Slowly she pulled out the card. On the front was a cartoon guy with a smirk on his face. The message said Hey, Valentine, we need to talk. Holding her breath, she opened the card. The inside showed the same guy in bed. Above him was the question Your pillow or mine? The card was signed as before, Your Secret Valentine.
The first valentine had been vaguely sexual, but this one was more explicit. Looking at it, she felt warm and disoriented, as if she’d had two shots of brandy on an empty stomach. Maybe William had a split personality that allowed him to seem like a slightly boring nerd on the outside, but inside he was a mass of raging hormones.
The image of William’s raging hormones wasn’t entirely unpleasant, and that scared her. She’d told him that his campaign wouldn’t work, and she intended to keep that promise. If this valentine had her thinking of William lounging against the bar looking semi-sexy, instead of William coming up the stairs wearing a hat with earflaps and looking totally nerdy, then she was in trouble.
The phone rang, and she picked it up while still staring at the valentine. “Dr. Tredway’s office. How can I help you?”
“Amanda, it’s William.”
The sound of his voice made her tummy quiver. Uh-oh. “William, I want you to stop this, and I want you to stop it right now!” She slammed down the phone and started ripping the valentine to shreds.
As the remains fell to her desk in a flurry of torn card stock and red envelope pieces, the phone rang again. She grabbed the receiver. “Dr. Tredway’s office. Can I help you now?” She groaned. “I mean, how can I help you?” She must be really rattled if she couldn’t even manage her standard phone greeting.
“It’s William, and don’t hang up on me. I have a stock recommendation for Gloria.”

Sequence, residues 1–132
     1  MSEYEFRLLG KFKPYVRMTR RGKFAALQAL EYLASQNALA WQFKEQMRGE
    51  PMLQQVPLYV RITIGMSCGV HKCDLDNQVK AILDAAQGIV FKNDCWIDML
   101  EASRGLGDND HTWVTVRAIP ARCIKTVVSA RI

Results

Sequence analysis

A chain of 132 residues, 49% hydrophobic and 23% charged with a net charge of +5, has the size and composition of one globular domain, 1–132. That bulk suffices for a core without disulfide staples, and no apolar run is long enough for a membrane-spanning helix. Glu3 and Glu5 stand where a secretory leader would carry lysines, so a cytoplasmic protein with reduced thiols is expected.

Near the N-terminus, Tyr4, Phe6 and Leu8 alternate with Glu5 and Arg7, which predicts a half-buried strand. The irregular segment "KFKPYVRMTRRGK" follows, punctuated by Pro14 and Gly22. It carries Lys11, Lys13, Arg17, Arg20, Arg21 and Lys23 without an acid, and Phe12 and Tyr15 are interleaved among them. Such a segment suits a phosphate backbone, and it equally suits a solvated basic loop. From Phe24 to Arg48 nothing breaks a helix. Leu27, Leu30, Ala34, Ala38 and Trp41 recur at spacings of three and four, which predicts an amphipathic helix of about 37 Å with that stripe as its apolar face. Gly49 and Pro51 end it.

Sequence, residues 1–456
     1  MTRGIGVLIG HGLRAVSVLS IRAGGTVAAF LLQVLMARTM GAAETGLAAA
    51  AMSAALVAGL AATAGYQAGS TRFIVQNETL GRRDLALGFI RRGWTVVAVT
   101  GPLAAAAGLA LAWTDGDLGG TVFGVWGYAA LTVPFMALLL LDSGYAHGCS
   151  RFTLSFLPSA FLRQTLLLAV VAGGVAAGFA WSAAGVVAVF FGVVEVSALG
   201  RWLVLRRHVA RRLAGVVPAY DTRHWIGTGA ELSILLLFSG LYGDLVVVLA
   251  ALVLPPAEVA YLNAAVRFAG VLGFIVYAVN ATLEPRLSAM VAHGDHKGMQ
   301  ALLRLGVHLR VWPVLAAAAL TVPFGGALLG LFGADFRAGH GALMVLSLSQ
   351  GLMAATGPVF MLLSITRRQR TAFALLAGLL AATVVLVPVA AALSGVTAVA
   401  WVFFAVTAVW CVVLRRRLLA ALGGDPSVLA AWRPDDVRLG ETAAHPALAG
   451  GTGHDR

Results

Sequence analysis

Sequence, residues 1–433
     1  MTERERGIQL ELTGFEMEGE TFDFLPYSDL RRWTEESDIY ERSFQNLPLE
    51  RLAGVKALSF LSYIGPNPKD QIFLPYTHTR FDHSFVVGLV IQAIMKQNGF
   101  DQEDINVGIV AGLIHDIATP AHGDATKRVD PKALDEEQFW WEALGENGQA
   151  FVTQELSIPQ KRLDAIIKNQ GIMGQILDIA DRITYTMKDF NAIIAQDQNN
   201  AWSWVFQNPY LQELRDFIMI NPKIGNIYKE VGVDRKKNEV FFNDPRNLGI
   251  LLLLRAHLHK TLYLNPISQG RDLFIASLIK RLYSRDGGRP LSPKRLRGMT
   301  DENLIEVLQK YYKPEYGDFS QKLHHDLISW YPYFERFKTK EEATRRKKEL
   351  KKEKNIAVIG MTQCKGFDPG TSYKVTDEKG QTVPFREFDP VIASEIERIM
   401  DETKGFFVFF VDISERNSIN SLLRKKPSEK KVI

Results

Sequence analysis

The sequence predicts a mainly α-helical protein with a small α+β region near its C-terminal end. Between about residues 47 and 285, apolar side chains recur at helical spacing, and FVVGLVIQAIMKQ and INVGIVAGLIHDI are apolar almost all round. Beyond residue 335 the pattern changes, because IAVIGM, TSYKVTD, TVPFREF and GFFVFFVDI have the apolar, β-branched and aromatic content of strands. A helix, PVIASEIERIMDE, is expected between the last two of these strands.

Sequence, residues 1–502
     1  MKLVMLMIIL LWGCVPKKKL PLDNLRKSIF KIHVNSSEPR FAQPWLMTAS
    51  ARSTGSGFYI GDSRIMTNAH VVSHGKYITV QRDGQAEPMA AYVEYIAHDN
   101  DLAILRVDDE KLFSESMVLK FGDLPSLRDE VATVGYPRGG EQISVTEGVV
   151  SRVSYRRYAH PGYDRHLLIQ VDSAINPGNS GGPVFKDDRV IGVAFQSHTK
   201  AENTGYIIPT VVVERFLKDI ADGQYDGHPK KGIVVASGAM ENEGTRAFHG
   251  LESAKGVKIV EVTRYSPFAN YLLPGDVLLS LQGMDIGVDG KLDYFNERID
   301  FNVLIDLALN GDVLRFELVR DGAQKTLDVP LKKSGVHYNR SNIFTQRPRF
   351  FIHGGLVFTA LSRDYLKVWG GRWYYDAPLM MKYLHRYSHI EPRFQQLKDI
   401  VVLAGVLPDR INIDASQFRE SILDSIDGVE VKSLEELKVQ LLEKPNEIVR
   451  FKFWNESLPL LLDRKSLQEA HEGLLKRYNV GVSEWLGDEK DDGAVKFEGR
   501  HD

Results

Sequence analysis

“Oh.” Her face grew hot. “Is that why you called just now?”
“Oh. Sorry about that. I was…upset.”
“You sound upset. Is this still about last night?”
“Of course not.” She took a deep breath and tried to compose herself. “It’s about your latest valentine. William, you have to stop sending them.”
“You got another one?”
“Don’t toy with me, William, or Will, as your friend Justin calls you. We both know what’s going on here, and it’s not funny.”
“How can I convince you that I’m not the one sending those? And speaking of likely suspects, after spending a couple of hours at Geekland, I don’t know why I’m even in the running. There are at least three guys there who have a major crush on you. I think you need to start reading them the riot act instead of picking on me.”
“They don’t know where I work. You do.”
William sighed. “If you won’t believe me, then we need to run a test. Is the signature in cursive or printed?”
“You should know, since you wrote it.”
“Amanda, for God’s sake, give me the benefit of the doubt!”
For the first time, a crack appeared in her certainty. She’d been so convinced that he was the sneaky valentine sender, but what if she was wrong? How embarrassing. “The signature was printed,” she said.
“And what, exactly, does it say?”
“Your secret valentine.”
“Then here’s what I’ll do. I’ll print that same thing on a sheet of paper and you can compare my writing to what you have on the card. To save time, I’ll fax it over.”
Amanda surveyed the confetti on her desk and doubted she could reconstruct it into anything recognizable. “I threw away the first card, and I just finished destroying the new one.”
“I see. You really don’t like getting these valentines, do you?”
“No. Keep that in mind.”